Poster presented at the 2019 Special Libraries Association (SLA) annual conference.
Abstract: In 2018, the University of Cincinnati Libraries’ Research & Data Services (RDS) unit unveiled a new Visualization Laboratory (Viz Lab) and expanded service model including data visualization/data analysis. The RDS unit has its roots in STEMM and currently includes informationists, librarians and technical consultants who engages with researchers across all disciplines. The Viz Lab and its associated services are the culmination of several years of planning and implementation. This poster will share lessons learned and good practices with our visualization space and service planning, including considerations for space design, service and training models, staffing and assessment. In addition, this poster will describe the early impact of our efforts, as seen through consultation logs, trainings and campus outreach, space usage and grants activity. We will also reveal some future directions for RDS, including plans to increase integration of the Viz Lab and data visualization/data analysis services into the university’s teaching and research missions.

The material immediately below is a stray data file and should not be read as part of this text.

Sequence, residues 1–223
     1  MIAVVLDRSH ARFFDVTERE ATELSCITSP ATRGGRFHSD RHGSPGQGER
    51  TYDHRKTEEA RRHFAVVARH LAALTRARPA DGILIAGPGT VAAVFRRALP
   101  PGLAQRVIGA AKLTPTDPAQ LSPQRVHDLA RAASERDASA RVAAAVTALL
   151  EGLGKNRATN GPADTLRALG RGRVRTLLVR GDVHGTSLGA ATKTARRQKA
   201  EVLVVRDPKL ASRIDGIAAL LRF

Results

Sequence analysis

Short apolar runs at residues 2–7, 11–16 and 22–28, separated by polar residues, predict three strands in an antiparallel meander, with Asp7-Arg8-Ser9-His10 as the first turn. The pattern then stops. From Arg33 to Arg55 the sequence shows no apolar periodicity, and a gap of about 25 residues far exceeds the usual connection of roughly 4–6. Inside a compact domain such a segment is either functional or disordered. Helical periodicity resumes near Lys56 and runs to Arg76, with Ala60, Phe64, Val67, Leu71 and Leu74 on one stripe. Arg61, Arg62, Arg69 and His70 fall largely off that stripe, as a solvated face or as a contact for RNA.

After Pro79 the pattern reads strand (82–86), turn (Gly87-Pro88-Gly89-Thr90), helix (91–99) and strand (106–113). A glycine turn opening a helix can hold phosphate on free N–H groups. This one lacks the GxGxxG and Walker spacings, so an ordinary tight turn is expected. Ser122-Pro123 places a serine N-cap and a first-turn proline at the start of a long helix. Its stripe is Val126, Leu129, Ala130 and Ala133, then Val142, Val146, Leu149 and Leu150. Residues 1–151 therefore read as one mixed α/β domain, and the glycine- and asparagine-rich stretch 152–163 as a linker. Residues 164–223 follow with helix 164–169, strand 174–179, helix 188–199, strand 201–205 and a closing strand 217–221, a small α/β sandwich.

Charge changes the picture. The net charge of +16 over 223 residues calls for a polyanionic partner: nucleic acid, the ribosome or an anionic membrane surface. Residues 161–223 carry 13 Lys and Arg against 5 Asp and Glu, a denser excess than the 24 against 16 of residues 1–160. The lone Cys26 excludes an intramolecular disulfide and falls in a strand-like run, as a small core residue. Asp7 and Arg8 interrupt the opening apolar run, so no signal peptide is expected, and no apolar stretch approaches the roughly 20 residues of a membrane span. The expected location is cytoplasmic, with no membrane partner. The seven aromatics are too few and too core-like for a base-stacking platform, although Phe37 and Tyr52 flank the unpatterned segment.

Acknowledgments: Amy Koshoffer, for creation of the Research & Data Services consultation log dataset and database structure.
Poster submitted to 2014 Dublin Core Metadata Initiative International Conference. Stemming from a project to convert metadata from Dublin Core to VRA, the University of Cincinnati Libraries outlines a successful workflow to improve vendor-generated metadata for a large digital collection of archival materials.
As an increasing number of universities expand programs globally, libraries are seen as an essential partner for this endeavor. Some library units are fully or semi-fully integrated into these academic programs. The University of Cincinnati (Ohio, USA) and Chongqing University (Chongqing, China) introduced the first co-operative engineering education program in China in 2013. Since this time, the University of Cincinnati library has been striving to connect American faculty and Chinese students in three main areas:
1.utilizing library websites and social media for reference, instruction, and outreach;
2.playing a peer role for traveling faculty with course materials, elearning, and basic technical support;
3.developing a sustainable relationship with matching librarians in Chongqing for collection development and beyond.
This presentation is intended to share experience and practices with librarians in similar positions, as well as administrators looking to develop a similar position.